Dec. 20, 2017
Following a request of the European Commission (EC), the European Food Safety Authority (EFSA) initiated a procedure for the evaluation of data on concerning the necessity of the application of fungicide active substances (a.s.) to control a serious danger to plant health that cannot be contained by other available means, including non-chemical methods within the context of Article 4(7) of Regulation (EC) No. 1107/2009.
EFSA established an ad hoc working group (WG) to develop a methodology for conducting such type of evaluation. The aim of this protocol
is to enable a consistent and transparent evaluation of submissions made by applicants according to the derogation detailed in Article 4(7) of Regulation (EC) No. 1107/2009 to confirm the lack of other available means capable of controlling an identified serious danger to plant health.
EFSA will act as the co-ordinator of the process, will ensure that the methodology is applied consistently, and will issue a scientific report on the evaluation of each fungicide a.s. for which derogation under Article 4(7) of Regulation (EC) No. 1107/2009 is requested. The protocol takes into account relevant international standards from the European and Mediterranean Plant Protection Organisation. The proposed methodology was also circulated among the European Member States (MS) for comment, and hence also their suggestions were assessed by the WG and taken into account where applicable.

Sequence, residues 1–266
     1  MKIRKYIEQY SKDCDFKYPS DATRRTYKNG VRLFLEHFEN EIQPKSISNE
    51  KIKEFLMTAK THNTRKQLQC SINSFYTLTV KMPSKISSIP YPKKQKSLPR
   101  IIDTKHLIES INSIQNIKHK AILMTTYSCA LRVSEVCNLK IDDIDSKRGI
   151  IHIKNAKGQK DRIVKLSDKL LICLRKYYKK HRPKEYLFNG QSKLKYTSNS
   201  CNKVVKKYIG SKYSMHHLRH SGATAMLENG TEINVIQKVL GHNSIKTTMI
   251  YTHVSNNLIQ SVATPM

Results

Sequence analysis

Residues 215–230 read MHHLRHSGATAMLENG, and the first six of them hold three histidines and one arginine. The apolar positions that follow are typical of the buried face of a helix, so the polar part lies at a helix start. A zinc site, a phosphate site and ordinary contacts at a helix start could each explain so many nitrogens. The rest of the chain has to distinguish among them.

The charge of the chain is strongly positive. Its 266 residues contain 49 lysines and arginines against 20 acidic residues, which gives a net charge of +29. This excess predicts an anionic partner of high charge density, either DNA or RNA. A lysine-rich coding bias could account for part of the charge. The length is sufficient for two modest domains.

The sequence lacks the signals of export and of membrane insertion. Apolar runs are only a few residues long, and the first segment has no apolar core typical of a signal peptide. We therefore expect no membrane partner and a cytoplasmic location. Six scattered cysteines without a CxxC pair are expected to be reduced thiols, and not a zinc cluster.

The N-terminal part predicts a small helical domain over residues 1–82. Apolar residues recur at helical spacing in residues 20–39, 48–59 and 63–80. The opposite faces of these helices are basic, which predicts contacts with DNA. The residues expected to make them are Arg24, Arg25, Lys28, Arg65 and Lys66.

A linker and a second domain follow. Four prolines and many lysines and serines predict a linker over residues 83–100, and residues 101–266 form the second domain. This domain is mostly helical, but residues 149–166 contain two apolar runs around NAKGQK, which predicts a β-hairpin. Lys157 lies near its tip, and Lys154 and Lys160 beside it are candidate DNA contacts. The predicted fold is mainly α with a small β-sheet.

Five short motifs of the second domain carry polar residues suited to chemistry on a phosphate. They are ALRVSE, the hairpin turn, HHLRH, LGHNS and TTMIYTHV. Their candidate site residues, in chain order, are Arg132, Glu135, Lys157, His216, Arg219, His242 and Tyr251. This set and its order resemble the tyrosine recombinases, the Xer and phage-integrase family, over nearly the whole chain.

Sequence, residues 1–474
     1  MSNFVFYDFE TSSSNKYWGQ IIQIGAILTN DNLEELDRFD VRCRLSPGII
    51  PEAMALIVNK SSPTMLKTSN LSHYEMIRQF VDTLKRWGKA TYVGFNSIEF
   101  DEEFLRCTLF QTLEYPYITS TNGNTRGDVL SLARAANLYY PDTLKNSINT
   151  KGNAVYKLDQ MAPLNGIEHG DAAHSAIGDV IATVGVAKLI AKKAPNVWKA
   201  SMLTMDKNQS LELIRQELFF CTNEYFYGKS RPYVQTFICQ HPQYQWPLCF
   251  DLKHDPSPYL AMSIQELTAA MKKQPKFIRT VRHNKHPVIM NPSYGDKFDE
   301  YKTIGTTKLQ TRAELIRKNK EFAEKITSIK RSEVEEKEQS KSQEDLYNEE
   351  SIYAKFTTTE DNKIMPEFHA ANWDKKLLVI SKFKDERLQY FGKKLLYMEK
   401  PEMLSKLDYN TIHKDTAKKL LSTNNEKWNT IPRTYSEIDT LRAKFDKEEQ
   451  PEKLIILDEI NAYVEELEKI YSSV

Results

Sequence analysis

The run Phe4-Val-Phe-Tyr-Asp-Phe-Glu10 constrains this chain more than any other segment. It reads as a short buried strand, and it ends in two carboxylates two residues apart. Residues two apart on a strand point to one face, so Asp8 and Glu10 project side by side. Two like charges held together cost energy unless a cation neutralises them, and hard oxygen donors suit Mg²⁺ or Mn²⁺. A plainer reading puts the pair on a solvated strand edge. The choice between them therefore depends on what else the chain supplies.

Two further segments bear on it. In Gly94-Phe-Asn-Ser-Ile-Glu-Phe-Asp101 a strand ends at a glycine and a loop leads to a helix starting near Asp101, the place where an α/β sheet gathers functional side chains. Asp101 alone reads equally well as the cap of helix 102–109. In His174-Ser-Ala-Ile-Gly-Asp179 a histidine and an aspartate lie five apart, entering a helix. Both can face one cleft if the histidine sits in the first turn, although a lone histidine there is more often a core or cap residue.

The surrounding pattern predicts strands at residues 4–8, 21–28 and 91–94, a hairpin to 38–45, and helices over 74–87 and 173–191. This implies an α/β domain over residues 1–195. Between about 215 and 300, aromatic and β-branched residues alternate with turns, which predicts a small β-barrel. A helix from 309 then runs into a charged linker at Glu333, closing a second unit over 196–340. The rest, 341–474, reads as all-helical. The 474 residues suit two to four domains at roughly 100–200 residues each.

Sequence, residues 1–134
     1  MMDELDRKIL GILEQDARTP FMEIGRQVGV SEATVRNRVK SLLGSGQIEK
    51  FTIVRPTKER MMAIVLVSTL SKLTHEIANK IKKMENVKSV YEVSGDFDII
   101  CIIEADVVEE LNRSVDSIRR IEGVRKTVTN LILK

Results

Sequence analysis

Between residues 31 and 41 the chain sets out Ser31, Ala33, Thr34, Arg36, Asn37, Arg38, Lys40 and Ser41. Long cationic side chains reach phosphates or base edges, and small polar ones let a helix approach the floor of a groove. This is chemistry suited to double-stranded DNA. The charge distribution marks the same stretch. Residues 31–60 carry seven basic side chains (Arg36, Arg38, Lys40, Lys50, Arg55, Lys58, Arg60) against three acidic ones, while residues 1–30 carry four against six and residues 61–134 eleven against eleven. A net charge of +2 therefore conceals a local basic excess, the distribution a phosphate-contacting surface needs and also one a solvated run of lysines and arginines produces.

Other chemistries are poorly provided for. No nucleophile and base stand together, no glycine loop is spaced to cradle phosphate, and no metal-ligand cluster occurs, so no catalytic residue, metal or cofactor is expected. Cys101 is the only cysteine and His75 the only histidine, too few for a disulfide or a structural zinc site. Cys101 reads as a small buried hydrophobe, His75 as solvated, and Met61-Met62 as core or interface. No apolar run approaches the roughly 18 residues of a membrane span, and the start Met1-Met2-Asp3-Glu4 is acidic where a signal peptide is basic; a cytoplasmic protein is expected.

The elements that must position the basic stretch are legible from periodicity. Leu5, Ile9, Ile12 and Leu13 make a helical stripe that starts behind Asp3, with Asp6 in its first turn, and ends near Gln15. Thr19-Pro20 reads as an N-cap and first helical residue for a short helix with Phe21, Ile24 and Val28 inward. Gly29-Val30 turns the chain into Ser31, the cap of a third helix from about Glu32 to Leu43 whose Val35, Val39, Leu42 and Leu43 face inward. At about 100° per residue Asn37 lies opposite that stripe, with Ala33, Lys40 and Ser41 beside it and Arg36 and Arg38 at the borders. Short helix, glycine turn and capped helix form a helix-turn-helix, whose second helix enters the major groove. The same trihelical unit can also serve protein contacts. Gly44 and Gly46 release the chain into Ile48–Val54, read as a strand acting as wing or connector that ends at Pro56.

The MS will verify the information provided by the applicant and will provide supplementary information, data and evidence from their respective countries and may include other uses that were not requested by the applicant e.g. Article 51 extensions of minor use.
The MS will evaluate the overall information based on the following methodology applied separately at national level to each specific crop/pathogen combination, for which a derogation is requested. The process starts by checking whether another a.s. from the same mode of action (MoA) as the a.s. under consideration is available. In this case derogation is considered not to be scientifically supported. Likewise, if a non-fungicide control programme (that can include e.g. the use of resistance inducers or biological control agents) is sufficient to manage the pathogen/crop combination under consideration, derogation would be considered as not scientifically supported.
Otherwise the process moves to the evaluation of: 1) the risk of resistance associated with the different MoA of all a.s. that are authorised in the MS; 2) the risk of resistance associated with the different pathogens; 3) the non-fungicide alternatives. Data on the combined resistance risk and the evaluation of non-fungicide alternatives will support the risk manager decision.